A world of suffering for 20 million children,left orphaned, abused and brutalised by war

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The Independent Online

Click here for image - Around the World They are the most defenceless victims of the civil and ethnic wars of this modern age, usually forgotten once the immediate emergency is over and the media have moved on to crises new.

Click here for image - Around the World They are the most defenceless victims of the civil and ethnic wars of this modern age, usually forgotten once the immediate emergency is over and the media have moved on to crises new.

Now a leading human rights organisation has called for urgent international action to help the children in three dozen countries on five continents, who are refugees in their own land.

In a report yesterday, Save the Children estimates some 20 million children have been forced from their homes by war, of whom seven million have fled to other countries as refugees.

Click here for image - Sierra Leone The remaining 13 million, in the dry language of officialdom "internally displaced persons," have been forced to remain in their own countries, amid lawlessness and anarchy.

Often this "displacement" can last six years or more, a huge chunk of childhood. "Generations of children are growing up with no chance of a future," says the report, War Brought Us Here. "These children are tomorrow's excluded and marginalised adults."

Their plight reflects modern conflict, in most cases within countries rather than between countries - civil wars in which children are often deliberate targets, picked out to terrorise the civilian population. They may be traumatised, sexually abused or forced to become soldiers. They are especially at risk from mines.

Click here for image - Kosovo The report focuses on the savagery of the Sierra Leone war, as well as the wars in Kosovo, Angola, Colombia and Sri Lanka. In Kosovo, 11 months after the Serbs were driven from the province, 150,000 children have not returned home.

In Angola more than two million people, one-sixth of the population, have been driven from their homes by the 25-year-old civil war.

In Colombia, says Save the Children, two out of three displaced children have watched the murder or attempted murder of at least one of their family. In Sri Lanka 270,000 children have been displaced, some six times or more. In Sierra Leone, 1.8 million children are refugees. One of them is 16-year-old Adamasay, and the report details her dreadful, harrowing story of the fate that befell her after she was captured by rebels.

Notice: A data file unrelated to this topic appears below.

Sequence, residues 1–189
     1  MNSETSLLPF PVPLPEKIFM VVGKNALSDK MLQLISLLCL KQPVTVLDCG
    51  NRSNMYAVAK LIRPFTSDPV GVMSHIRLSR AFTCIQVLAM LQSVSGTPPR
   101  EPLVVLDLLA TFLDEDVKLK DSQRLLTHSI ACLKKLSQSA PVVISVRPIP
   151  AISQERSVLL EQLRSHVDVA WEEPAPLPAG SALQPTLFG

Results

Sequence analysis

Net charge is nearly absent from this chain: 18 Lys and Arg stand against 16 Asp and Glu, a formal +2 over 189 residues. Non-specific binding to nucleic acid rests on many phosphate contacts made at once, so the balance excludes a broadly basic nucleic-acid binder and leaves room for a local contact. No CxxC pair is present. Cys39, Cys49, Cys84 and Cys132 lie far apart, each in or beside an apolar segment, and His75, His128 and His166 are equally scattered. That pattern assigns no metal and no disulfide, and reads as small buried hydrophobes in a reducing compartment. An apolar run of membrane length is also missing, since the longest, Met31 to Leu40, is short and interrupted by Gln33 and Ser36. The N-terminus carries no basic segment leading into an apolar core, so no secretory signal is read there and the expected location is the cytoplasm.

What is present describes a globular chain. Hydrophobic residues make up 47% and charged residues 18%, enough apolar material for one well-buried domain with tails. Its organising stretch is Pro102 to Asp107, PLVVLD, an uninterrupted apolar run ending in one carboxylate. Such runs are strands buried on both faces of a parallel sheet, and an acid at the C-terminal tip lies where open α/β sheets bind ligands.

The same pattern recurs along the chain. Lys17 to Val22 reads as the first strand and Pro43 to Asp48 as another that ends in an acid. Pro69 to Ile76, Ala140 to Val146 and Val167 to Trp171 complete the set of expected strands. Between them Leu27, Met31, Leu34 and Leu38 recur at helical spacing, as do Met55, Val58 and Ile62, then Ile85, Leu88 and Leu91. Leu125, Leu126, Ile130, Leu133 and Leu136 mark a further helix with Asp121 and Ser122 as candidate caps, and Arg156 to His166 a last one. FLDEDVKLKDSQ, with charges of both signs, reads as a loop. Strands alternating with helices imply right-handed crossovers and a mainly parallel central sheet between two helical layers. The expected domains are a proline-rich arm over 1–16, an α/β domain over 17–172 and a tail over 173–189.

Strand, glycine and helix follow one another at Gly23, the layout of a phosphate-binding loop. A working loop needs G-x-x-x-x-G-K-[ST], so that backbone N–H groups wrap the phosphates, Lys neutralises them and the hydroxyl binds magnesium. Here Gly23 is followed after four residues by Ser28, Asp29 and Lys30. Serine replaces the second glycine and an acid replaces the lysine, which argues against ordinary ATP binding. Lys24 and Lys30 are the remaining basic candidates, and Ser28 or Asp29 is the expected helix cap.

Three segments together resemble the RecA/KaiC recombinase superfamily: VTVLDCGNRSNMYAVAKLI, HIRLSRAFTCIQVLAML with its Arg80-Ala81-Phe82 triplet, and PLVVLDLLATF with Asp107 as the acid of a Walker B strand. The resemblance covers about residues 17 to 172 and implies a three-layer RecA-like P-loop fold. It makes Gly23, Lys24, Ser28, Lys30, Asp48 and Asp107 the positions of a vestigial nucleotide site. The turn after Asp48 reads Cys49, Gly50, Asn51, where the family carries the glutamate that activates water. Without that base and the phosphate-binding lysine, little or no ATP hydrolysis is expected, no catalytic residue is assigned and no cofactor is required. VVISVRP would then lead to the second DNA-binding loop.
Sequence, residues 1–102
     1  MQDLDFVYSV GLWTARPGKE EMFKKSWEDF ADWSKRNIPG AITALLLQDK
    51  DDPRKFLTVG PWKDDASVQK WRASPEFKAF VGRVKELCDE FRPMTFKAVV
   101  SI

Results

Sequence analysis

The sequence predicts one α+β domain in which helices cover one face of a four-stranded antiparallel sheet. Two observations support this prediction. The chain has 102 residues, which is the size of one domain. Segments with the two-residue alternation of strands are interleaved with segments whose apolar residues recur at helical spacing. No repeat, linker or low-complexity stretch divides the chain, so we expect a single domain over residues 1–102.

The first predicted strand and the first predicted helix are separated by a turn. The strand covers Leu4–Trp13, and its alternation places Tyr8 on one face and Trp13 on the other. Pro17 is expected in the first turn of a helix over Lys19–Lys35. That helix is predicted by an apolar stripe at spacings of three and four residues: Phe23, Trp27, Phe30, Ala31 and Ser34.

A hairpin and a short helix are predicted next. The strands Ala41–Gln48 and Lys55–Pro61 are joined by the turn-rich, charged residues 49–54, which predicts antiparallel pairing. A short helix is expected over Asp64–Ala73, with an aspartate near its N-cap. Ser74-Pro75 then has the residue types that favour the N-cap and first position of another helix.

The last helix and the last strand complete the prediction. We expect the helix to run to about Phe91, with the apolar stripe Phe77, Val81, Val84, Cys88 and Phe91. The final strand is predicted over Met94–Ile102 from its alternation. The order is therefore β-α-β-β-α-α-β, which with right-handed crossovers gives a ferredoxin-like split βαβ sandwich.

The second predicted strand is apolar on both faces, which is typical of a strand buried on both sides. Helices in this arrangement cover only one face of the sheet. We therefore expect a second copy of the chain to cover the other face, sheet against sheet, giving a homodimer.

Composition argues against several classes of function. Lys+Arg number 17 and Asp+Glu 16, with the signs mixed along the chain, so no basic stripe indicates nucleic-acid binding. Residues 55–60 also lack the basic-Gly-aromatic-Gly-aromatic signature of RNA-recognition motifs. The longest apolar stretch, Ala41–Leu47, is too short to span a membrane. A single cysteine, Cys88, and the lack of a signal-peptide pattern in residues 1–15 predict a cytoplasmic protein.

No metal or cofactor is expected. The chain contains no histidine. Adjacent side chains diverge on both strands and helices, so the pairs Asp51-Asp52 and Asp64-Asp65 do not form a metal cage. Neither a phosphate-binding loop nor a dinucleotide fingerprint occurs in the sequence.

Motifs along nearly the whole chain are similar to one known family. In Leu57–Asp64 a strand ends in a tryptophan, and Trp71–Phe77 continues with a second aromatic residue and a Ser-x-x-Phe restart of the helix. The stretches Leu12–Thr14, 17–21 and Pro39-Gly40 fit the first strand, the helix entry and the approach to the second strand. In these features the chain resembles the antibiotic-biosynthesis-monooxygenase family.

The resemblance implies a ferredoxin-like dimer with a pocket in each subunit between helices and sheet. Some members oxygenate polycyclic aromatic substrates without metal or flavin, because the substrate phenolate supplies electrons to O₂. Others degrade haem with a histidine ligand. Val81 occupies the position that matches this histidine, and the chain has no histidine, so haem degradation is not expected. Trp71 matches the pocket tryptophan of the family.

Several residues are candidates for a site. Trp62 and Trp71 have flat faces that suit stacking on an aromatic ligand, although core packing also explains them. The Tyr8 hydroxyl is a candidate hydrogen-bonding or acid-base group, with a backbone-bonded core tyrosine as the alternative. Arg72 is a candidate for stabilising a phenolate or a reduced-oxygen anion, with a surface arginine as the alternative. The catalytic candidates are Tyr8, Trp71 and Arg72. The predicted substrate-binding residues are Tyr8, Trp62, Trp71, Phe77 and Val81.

Click here for image - Burma "They brought me to the village. I was holding my baby boy. First they killed him with an axe.

"I cried out, 'Where is my baby, oh my baby'. So they struck me on the head with a machete. After that, they ordered me to put my hand on a stick which was on the ground. They chopped and nearly severed my right hand."

She was taken to the next village, then to the next town where the doctor completed the amputation.

Click here for image - Sri Lanka She returned to Freetown, the seaport capital, to live with her mother, but in January 1999, her house was burnt down by rebels. Now Adamasay is in a camp for amputees, with four other family members with nowhere else to go.

The failure to help children has many reasons. One is the sheer difficulty of applying international law to brutal internal conflicts where rebels and governments can be equally guilty, where information is scanty, and co-ordination lacking among the aid groups and national authorities that are trying to help.

Click here for image - Sudan But Save the Children also blames a lack of follow-up assistance and funding from the international community, especially in conflicts such as those in Angola and Sri Lanka, where attention flags and donor support drops off as fighting drags on for years without conclusion.

But those longer-term needs, of education and job opportunities, are the most important.

"The rights of children are sacred - they have no borders," Mike Aaronson, the group's director general, said last night.

Click here for image - Democratic Rep of Congo "Yet governments, armed opposition groups and the international community are persistently failing to meet their obligations to protect these children. It's time to move beyond the rhetoric and put these rights into practice."

As the organisation points out, international laws already exist to protect affected children: the question is, how to enforce them.

The biggest obligation rests with the governments and armed opposition groups, who must end all impunity for those who violate children's rights, halt the recruitment of child soldiers, and provide explicitly for refugee children in peace negotiations and postwar rebuilding plans.

But the combatants usually lack both the will and the money to act, making it imperative for the United Nations and individual countries including Britain do so themselves.

Click here for image - Colombia Save the Children urgesthe UN to establish the right of international access to displaced children, to make sure sufficient resources are available, and to designate a lead agency to co-ordinate a relief programme.

Britain, says the group, must use its political leverage to guarantee such access, and throw its weight behind the new International Criminal Court to track down and punish the savage abusers of children's rights.